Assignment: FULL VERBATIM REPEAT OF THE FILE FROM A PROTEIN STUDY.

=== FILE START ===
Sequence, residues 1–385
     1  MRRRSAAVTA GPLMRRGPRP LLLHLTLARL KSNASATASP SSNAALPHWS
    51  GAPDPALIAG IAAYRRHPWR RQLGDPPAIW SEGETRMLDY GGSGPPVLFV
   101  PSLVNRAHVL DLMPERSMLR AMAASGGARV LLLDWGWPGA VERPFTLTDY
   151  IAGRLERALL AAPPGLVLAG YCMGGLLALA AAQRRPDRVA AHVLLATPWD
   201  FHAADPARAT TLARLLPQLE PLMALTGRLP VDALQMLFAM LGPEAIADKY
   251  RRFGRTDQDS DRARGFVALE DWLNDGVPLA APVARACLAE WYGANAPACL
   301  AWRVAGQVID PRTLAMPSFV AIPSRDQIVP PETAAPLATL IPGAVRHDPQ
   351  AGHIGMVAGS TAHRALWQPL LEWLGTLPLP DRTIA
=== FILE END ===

Sequence, residues 1–385
     1  MRRRSAAVTA GPLMRRGPRP LLLHLTLARL KSNASATASP SSNAALPHWS
    51  GAPDPALIAG IAAYRRHPWR RQLGDPPAIW SEGETRMLDY GGSGPPVLFV
   101  PSLVNRAHVL DLMPERSMLR AMAASGGARV LLLDWGWPGA VERPFTLTDY
   151  IAGRLERALL AAPPGLVLAG YCMGGLLALA AAQRRPDRVA AHVLLATPWD
   201  FHAADPARAT TLARLLPQLE PLMALTGRLP VDALQMLFAM LGPEAIADKY
   251  RRFGRTDQDS DRARGFVALE DWLNDGVPLA APVARACLAE WYGANAPACL
   301  AWRVAGQVID PRTLAMPSFV AIPSRDQIVP PETAAPLATL IPGAVRHDPQ
   351  AGHIGMVAGS TAHRALWQPL LEWLGTLPLP DRTIA